UNIVERSITY PARK, Pa. — It’s no secret that Penn State includes a network of campuses throughout the state of Pennsylvania, but incoming students may not be fully aware of all the financial benefits attending a campus other than University Park may afford.
Location, location, location
Location is a selling point often used when talking about real estate, but the vicinity of a campus to a student’s home also can be a major benefit when it comes time to choose where to enroll for college. With the combined costs of housing and meal plans ranging from almost $10,000 to more than $15,000 a year, commuting to a nearby campus can mean big savings off the overall cost associated with a college education.
Choosing a Penn State campus near home to begin college gives students the option of finishing a degree at that campus or using Penn State’s 2+2 plan to finish their degree at University Park or another campus.
"Penn State does an amazing job of providing access by allowing students to start at a local campus at a reduced rate of tuition. That student can then move within the University to pursue their passion to finish at whichever campus location they desire which meets their needs via our 2+2 Plan."
— Clark V. Brigger, executive director for undergraduate admissions at Penn State
In addition to saving money on housing by living at home, students who attend a Penn State undergraduate campus other than University Park receive a discounted rate on tuition. This lower rate allows students to reap that savings for the number of years they remain at that campus, whether it is one, two or three years, or through graduation. Students will need to research what degrees are offered at each campus to make a determination on whether a degree can be finished at their initial campus or whether a transfer is necessary for the chosen curriculum.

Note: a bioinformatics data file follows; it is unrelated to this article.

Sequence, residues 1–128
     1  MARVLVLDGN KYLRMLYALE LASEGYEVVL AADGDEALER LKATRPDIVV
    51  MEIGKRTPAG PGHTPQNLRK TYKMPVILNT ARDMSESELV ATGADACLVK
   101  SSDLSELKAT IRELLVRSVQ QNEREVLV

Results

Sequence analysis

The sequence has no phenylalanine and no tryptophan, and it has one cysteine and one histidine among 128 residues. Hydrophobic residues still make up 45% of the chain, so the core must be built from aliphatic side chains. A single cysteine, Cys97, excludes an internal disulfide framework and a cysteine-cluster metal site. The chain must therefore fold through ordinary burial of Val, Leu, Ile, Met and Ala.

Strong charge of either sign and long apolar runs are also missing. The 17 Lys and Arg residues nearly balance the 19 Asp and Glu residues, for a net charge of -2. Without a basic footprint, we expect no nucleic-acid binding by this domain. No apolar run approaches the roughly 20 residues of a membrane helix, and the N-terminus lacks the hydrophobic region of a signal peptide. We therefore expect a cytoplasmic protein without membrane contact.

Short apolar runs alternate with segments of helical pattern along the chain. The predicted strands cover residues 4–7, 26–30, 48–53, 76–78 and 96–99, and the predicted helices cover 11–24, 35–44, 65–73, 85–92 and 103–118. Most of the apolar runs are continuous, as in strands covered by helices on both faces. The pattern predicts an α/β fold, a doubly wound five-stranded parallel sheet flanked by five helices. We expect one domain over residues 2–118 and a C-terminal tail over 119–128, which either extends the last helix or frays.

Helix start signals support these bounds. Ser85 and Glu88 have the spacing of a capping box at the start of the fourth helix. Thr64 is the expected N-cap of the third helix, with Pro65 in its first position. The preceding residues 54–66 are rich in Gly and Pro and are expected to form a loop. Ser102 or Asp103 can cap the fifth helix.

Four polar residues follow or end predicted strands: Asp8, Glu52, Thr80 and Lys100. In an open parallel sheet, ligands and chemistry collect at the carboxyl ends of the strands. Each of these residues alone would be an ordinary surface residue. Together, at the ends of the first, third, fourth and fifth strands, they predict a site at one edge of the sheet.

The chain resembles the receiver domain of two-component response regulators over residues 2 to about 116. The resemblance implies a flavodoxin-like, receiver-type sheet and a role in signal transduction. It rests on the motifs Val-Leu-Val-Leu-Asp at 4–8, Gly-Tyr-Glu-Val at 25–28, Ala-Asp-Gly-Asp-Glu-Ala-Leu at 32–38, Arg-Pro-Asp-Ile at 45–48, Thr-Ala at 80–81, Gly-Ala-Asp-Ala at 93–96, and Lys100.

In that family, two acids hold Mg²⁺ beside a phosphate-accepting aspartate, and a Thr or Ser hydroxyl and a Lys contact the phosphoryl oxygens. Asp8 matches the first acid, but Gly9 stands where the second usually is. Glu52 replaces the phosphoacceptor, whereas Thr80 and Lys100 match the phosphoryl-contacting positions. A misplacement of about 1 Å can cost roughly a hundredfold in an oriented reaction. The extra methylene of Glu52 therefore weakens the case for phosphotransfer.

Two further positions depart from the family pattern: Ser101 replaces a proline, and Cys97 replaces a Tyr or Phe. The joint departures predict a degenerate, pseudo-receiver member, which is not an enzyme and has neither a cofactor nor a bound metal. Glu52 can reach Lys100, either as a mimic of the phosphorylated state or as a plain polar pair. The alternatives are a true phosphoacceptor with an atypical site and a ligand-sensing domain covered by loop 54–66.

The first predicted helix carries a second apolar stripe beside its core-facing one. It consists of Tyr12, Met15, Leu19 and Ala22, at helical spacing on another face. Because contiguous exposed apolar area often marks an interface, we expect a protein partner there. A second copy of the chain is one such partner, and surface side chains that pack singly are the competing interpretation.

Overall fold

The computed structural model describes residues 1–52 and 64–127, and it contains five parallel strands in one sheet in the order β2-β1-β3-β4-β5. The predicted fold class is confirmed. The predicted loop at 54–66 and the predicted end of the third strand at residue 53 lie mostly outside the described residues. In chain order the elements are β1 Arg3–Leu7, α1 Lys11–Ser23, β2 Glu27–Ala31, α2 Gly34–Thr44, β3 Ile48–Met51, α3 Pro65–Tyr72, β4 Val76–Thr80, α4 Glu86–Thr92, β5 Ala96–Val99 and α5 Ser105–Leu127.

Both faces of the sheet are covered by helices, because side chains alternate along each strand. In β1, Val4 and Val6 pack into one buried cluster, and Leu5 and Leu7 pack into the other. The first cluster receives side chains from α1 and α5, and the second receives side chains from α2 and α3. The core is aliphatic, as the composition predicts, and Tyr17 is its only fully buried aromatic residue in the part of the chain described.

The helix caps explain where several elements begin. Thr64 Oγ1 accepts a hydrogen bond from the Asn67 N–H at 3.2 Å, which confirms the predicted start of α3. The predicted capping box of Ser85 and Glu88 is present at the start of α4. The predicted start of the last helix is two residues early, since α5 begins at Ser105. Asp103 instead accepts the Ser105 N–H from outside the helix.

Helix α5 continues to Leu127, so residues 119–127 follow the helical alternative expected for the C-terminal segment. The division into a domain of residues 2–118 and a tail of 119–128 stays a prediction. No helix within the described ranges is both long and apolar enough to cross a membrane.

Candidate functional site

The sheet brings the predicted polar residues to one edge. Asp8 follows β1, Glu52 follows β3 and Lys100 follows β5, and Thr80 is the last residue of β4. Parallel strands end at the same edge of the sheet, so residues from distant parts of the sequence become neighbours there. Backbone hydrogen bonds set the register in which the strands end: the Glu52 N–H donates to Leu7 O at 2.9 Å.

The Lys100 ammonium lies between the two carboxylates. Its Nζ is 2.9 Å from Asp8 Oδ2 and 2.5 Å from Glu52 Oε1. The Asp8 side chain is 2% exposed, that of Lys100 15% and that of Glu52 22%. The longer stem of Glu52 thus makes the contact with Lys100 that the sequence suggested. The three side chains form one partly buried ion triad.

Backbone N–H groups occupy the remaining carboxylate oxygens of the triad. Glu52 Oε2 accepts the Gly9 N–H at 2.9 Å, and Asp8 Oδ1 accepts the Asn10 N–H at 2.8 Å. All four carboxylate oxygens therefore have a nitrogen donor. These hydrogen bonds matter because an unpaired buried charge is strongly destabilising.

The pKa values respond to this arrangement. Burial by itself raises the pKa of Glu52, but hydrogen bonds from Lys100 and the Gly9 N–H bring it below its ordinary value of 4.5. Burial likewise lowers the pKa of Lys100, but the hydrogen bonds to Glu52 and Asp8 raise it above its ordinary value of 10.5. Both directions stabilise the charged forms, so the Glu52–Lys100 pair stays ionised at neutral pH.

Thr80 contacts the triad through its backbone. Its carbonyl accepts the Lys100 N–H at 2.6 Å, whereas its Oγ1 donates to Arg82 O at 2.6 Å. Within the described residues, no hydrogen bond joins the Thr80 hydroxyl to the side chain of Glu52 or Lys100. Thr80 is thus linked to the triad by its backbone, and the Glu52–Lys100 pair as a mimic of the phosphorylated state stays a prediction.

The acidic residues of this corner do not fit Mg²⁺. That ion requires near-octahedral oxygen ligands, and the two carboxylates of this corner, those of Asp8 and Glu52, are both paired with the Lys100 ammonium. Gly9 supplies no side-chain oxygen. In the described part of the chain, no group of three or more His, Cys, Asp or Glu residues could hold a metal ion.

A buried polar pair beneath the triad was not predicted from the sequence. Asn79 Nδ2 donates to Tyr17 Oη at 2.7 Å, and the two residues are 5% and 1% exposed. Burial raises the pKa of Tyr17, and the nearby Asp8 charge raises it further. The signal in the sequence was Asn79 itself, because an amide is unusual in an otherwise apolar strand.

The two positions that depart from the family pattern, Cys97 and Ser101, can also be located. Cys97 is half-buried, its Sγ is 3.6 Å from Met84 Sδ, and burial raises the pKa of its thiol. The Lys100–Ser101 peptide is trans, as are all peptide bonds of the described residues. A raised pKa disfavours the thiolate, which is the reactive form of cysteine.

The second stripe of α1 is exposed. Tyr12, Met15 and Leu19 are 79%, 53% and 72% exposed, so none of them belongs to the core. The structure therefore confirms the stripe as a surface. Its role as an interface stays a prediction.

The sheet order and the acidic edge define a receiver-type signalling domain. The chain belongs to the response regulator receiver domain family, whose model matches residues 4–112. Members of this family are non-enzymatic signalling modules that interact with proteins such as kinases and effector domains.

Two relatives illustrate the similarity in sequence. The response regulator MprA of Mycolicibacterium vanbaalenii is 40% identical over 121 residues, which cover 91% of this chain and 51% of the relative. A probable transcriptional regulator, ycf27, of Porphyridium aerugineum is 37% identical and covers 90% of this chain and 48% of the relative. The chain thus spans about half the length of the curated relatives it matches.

"Penn State does an amazing job of providing access by allowing students to start at a local campus at a reduced rate of tuition,” said Clark V. Brigger, executive director for undergraduate admissions at Penn State. “That student can then move within the University to pursue their passion to finish at whichever campus location they desire which meets their needs via our 2+2 Plan."
In 2016, Penn State continued its ongoing efforts to maintain access and affordability and did not increase tuition costs for resident students at eight of the 19 undergraduate Commonwealth Campuses, including Beaver, DuBois, Fayette, Greater Allegheny, Mont Alto, New Kensington, Shenango and Wilkes-Barre.
One program under Penn State President Eric Barron’s initiative to promote an affordable and accessible education is the Pathway to Success: Summer Start (PaSSS) program, which allows selected students at many campuses the opportunity to get a head start on their first or second years of college by taking summer classes. PaSSS, an important element in Barron’s program known as Plan4, provided up to $3,000 in scholarship money and an additional $400 book stipend to those students in 2016.
The nine campuses that offered PaSSS in 2016 were: Altoona, Beaver, Berks, Brandywine, Fayette, Hazleton, Schuylkill, Shenango and York.
In addition to University-wide initiatives, each Penn State campus has different scholarships and programs designed to help students afford college.
Below are examples of programs and scholarships at specific campuses:
For more information on applying to any Penn State campus or additional information on financial aid, go online to http://admissions.psu.edu/pennstate/campuses/ to select a preferred location.
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-- “Financing College: Where’s the Money?” (introduction)